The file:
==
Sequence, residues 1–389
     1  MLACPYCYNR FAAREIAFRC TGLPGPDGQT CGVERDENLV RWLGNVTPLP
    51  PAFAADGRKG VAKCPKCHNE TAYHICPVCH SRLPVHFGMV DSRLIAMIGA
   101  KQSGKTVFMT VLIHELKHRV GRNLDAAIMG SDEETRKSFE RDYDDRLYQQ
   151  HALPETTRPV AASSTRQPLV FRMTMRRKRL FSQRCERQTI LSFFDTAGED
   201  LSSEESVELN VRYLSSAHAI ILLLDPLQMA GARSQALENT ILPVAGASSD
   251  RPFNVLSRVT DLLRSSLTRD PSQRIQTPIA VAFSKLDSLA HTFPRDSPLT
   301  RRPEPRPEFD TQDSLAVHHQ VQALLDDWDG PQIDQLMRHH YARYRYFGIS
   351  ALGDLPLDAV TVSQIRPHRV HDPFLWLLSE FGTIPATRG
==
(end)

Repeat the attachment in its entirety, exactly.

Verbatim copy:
Sequence, residues 1–389
     1  MLACPYCYNR FAAREIAFRC TGLPGPDGQT CGVERDENLV RWLGNVTPLP
    51  PAFAADGRKG VAKCPKCHNE TAYHICPVCH SRLPVHFGMV DSRLIAMIGA
   101  KQSGKTVFMT VLIHELKHRV GRNLDAAIMG SDEETRKSFE RDYDDRLYQQ
   151  HALPETTRPV AASSTRQPLV FRMTMRRKRL FSQRCERQTI LSFFDTAGED
   201  LSSEESVELN VRYLSSAHAI ILLLDPLQMA GARSQALENT ILPVAGASSD
   251  RPFNVLSRVT DLLRSSLTRD PSQRIQTPIA VAFSKLDSLA HTFPRDSPLT
   301  RRPEPRPEFD TQDSLAVHHQ VQALLDDWDG PQIDQLMRHH YARYRYFGIS
   351  ALGDLPLDAV TVSQIRPHRV HDPFLWLLSE FGTIPATRG